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Started by Coordman, August 30, 2010, 08:31:26 am

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Hi everyone! I'm new to the forum, but I've been a Music Generator user since it first came out on the PS1. I've goofed around with it a lot, created more doodles than anything else, but I have a few gems in the rough that I may feel compelled to share.

More than anything, I'm hoping to learn some techniques to "up my game" so to speak. When I do record, I tend to route directly from my PS2s audio outs to my Soundblaster Extreme Gamer FX Fatal1ty card, and does a pretty clean job. I use Audacity to EQ and clean thing up. I've been considering using the same prog to multi track. Anyone have any experience with sampling? Thoughts on memory conservation in that regard? Great to hear I'm not alone in still using MG1. :)
Never sweat the petty things and never pet the sweaty things. -George Carlin

.:DJ Droppin:.

August 30, 2010, 08:42:27 am #1 Last Edit: August 30, 2010, 08:44:39 am by .:DJ Droppin:.
Welcome to TIMGUL  :)

You have come to the right place. We have hundred of dozens of artists here and many more joining every week. There are hundreds of songs here covering about every spectrum of music you can think of. We welcome all genres and styles here.

I also use Audacity, but am unsure of the sampling. What are you referring to specifically with Memory Conservation?

Get those songs uploaded I am looking forward to hearing them.  :)

Admin Staff,
Bass is a force that defies the universe of logic, time, and space. http://www.reverbnation.com/djdroppin


Well, what I mean is this. I use a PS2 and MTVMG. A while back I did a remix of a song written by a local band and in it I utilized a sample from their original track. (lifted from CD, about a five second guitar loop) By the time I finished the track, I didn't have enough memory to store the whole thing, so I had to record it in one session without the ability to save the raw data. The recording equipment I had at the time wasn't great (kinda sucked, really) so now that I have better equipment, I am unfortunately unable to remaster it.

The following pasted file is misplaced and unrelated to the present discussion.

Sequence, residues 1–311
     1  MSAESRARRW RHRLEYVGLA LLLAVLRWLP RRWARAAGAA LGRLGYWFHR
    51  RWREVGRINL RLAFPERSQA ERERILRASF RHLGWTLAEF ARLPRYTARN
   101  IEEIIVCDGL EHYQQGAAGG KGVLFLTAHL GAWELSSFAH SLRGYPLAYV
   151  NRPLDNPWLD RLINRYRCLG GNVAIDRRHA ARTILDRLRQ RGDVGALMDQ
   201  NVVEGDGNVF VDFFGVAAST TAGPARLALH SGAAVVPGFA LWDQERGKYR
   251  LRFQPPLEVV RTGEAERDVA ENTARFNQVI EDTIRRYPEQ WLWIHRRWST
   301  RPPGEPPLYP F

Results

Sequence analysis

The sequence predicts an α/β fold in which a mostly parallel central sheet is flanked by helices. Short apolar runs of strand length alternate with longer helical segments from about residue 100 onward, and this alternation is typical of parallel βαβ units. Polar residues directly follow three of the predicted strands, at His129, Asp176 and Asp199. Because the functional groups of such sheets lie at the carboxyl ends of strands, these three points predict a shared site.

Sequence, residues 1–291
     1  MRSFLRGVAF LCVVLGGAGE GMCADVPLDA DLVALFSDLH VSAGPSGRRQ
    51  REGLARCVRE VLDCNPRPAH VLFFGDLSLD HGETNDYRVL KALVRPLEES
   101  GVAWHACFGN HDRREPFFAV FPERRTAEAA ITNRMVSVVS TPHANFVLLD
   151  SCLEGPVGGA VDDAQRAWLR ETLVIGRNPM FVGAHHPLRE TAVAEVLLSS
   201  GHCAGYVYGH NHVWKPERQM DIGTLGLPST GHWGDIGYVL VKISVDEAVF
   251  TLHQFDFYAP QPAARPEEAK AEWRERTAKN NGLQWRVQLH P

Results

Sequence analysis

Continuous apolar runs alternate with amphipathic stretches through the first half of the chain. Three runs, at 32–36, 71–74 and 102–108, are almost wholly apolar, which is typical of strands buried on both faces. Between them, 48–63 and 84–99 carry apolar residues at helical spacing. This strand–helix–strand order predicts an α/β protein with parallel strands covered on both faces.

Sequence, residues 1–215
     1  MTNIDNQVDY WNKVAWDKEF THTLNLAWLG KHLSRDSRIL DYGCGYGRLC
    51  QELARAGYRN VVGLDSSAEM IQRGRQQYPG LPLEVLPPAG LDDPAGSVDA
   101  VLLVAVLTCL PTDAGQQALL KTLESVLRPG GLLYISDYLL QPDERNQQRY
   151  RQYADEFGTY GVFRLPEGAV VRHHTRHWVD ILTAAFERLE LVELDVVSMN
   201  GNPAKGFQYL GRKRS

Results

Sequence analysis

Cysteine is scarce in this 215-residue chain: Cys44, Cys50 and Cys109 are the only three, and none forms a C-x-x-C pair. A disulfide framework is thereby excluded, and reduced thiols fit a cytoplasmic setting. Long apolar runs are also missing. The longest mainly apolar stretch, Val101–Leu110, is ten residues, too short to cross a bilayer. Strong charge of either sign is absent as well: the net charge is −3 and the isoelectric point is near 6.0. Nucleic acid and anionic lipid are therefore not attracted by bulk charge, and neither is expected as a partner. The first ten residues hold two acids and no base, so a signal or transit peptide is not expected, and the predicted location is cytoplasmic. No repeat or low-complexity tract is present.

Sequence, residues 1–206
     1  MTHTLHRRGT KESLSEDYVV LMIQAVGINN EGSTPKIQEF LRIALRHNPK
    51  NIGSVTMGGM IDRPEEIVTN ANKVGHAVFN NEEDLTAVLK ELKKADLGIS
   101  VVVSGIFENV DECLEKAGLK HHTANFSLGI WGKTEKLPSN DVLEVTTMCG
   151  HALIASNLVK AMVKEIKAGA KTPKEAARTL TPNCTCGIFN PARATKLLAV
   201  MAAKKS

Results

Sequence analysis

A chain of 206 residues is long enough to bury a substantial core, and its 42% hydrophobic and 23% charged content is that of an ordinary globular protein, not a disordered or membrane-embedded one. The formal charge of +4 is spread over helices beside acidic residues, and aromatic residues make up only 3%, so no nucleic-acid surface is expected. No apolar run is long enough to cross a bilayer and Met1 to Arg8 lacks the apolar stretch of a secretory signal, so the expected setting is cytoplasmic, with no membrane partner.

I'd like to avoid this situation in the future. It'd be great if I could span a volume across two memory cards, but that seems pretty unlikely. Thoughts?
Never sweat the petty things and never pet the sweaty things. -George Carlin


WeLCOME to the FoRUMS!! (see what I did there <<< :P )

Could you not get MTVMG for PC?

Gonna check out your tunes now man.



Welcome 2 TIMGUL!

Seems like a limitation thats the core of MTVMG. Theres no way around this issue if u use the consoles. Music for the PC eliminates the memory problem but sacrifices stability meaning you have unlimited sampling time but you have 2 deal with stability issues like freezes and such.

I went thru the same issues like u when i 1st started recording from the PS1. i ended up purchasing an external CD recorder (B4 the term burner). Then i would record directly to CD. This makes every work one of a kind and you lose everything once you power down but the set up gave me a few extra "cheats" to use. I could simply record each track individually and reintroduce the layout in-studio from cd. Kinda like a Master track list. I could sample something and change things and add things, record and then resample again with the sample being a partial mix of your song. like a giant sandwich cut in pieces.

But you want more sample time... One trick i learned to get a few more seconds is minimising the starting fx. Usually the program starts you off with a set track layout. Change the reverb to "STUDIO B" This will give you a few extra seconds of sample time. Another trick is to sample in at the lowest quality giving you way more time sacrificing pure sound for dirty sound. Last, u can sample @ "high speed" then lower the sample octave to return to the original format. You should increase sample time but there will be some distortion when changing octaves. Hope this helps guys! TIMGUL 4 Life!

Master Dutch

Welcome to the site. If you can find a copy of MTVMG PC or Music2000pc then you'll have unlimited sampling time, but it works best on Windows XP and under. Amazon.com sometimes has them for sale.


August 30, 2010, 10:52:23 pm #6 Last Edit: August 31, 2010, 02:40:54 am by Coordman
Thanks for the tips and welcomes, everyone. :)

Koolassjoe: I've been considering trying multi-tracking like you suggested, but rather than using cds, nowadays, I'd just hook into my PC's sound card and record the separate tracks that way. I agree that this would free resources up, but then you have the problem of "guessing" how things will line up between tracks. If you're recording loops and things that repeat to a point, this is a great method. If you're recording a lead part, however, you had better have a pretty clear mental image of your backing tracks or your going to be doing a LOT of re-recording.

Thanks for the memory tips! I wasn't aware that a new track starts out using memory. Good info!

I wonder if anyone uses a combination of products between the PS and PC versions. Thoughts on the best versions or combo?
Never sweat the petty things and never pet the sweaty things. -George Carlin


So, I do want to mention that finding this site has inspired me to try and tackle some projects that have been poking my brain. One of them is a prog-metal idea I have. Kind of Dream Theater meets Final Fantasy. It's pretty ambitious, really. I think the biggest problems are going to be making the guitar believable and keeping the drums interesting and unique throughout. Wish me luck. I think I'm going to need it.  :D
Never sweat the petty things and never pet the sweaty things. -George Carlin

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